# Formulas and Tables

Calculus# Basic Differential Operators

Vector function: \(\mathbf{V}\left( {P,Q,R} \right)\)

Unit vectors along the coordinate axes: \(\mathbf{i},\) \(\mathbf{j},\) \(\mathbf{k}\)

Operator of differentiation: \(D\)

Linear differential operator: \(L\left( D \right)\)

Direction vector: \(\ell\)

Divergence of a vector field: \(\text {div } \mathbf{V}\)

Curl of a vector field: \(\text {rot } \mathbf{V}\)

Laplace operator: \(\Delta\)

D’Alembert operator: \(\require{AMSsymbols.js}\Box\)

Speed of light: \(c\)

Time: \(t\)

- A differential operator can be considered as a generalization of the

operation of differentiation. The simplest differential operator \(D\) just means taking the first order derivative:

\(Dy\left( x \right) = {\large\frac{{dy\left( x \right)}}{{dx}}\normalsize} =\) \(y’\left( x \right).\)

The operation \(D\) applied \(n\) times leads to the \(n\)th order derivative of \(y:\)

\({D^n}y\left( x \right) = {\large\frac{{{d^n}y\left( x \right)}}{{d{x^n}}}\normalsize} =\) \({y^{\left( n \right)}}\left( x \right).\) - A linear differential operator is written as

\(L\left( D \right) = {D^n} + {a_1}\left( x \right){D^{n – 1}} \;+\) \({a_2}\left( x \right){D^{n – 2}} + \ldots \) \(+\;{a_{n – 1}}\left( x \right)D + {a_n}\left( x \right),\)

where the coefficients \({a_i}\left( x \right)\) are functions of the variable \(x\). - Theta operator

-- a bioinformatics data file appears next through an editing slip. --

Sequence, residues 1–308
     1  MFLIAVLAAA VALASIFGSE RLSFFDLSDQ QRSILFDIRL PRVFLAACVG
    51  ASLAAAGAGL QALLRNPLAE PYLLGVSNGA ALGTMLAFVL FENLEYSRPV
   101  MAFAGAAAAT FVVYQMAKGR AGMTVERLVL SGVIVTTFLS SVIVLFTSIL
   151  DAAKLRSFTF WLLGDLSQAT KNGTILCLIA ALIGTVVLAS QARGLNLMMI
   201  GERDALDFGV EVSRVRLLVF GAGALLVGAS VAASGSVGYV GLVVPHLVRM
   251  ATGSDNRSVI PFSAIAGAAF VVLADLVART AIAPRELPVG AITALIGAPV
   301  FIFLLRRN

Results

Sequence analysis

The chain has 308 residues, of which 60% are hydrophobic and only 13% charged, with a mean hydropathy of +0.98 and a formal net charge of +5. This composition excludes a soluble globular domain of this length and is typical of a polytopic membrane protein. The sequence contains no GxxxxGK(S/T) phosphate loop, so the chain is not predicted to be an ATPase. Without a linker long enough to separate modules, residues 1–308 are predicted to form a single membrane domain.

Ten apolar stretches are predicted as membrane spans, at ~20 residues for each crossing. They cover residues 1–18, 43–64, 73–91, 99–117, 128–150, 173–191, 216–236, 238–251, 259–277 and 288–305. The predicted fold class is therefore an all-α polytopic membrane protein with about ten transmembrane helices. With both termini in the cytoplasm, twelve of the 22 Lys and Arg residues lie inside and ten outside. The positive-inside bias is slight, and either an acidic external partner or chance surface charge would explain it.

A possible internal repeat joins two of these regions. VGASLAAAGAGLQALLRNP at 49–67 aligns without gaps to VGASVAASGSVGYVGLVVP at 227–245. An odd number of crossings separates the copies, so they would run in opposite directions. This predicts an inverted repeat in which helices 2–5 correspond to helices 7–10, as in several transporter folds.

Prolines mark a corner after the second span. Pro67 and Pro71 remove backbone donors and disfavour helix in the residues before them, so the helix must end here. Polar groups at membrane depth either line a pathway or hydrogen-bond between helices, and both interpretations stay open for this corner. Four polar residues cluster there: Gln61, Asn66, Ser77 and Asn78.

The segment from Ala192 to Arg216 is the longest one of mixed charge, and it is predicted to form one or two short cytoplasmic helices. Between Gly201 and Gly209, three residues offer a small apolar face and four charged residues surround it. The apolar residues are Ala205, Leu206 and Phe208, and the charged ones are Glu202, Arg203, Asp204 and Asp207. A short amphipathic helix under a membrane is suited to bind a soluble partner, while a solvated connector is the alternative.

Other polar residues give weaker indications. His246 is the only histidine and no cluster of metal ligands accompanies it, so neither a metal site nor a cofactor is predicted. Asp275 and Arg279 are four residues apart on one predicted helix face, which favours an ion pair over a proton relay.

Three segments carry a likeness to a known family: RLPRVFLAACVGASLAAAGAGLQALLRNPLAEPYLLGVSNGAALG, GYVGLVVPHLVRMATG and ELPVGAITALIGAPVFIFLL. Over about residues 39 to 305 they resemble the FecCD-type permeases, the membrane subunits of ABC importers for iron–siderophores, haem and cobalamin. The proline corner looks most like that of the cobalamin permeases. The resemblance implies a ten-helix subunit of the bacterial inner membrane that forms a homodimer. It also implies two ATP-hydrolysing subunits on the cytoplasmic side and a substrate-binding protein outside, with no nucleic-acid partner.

In the case of a function of one variable \(y = f\left( x \right),\) the theta operator is given by

\(\theta = x\large\frac{d}{{dx}}\normalsize.\)

For a function of several variables \(y = f\left( {{x_1},{x_2}, \ldots ,{x_n}} \right)\),

the theta operator is written in the form

\(\theta = {x_1}{\large\frac{\partial }{{\partial {x_1}}}\normalsize} + {x_2}{\large\frac{\partial }{{\partial {x_2}}}\normalsize} + \ldots \) \(+\; {x_n}{\large\frac{\partial }{{\partial {x_n}}}\normalsize} =\) \( \sum\limits_{i = 1}^n {{x_i}{\large\frac{\partial }{{\partial {x_i}}}\normalsize}} .\) - Operator nabla

The differential operator nabla often appears in vector analysis. In the space of three variables it is defined as

\(\nabla = {\large\frac{\partial }{{\partial x}}\normalsize} \mathbf{i} + {\large\frac{\partial }{{\partial y}}\normalsize} \mathbf{j} + {\large\frac{\partial }{{\partial z}}\normalsize} \mathbf{k},\)

where \(\mathbf{i}\), \(\mathbf{j}\), \(\mathbf{k}\) are the unit vectors, respectively, along the \(x\), \(y\) and \(z\) axes. As a result of acting of the operator nabla on a scalar field \(f\), we obtain the gradient of the field \(f:\)

\(\nabla f = {\large\frac{\partial f}{{\partial x}}\normalsize} \mathbf{i} + {\large\frac{\partial f}{{\partial y}}\normalsize} \mathbf{j} + {\large\frac{\partial f}{{\partial z}}\normalsize} \mathbf{k}.\) - The directional derivative of a scalar function can be calculated from the components of the gradient vector:

\({\large\frac{\partial f}{{\partial \ell}}\normalsize} = {\large\frac{\partial f}{{\partial x}}\normalsize} \cos\alpha \;+\) \({\large\frac{\partial f}{{\partial y}}\normalsize} \cos\beta \;+\) \({\large\frac{\partial f}{{\partial z}}\normalsize} \cos\gamma,\)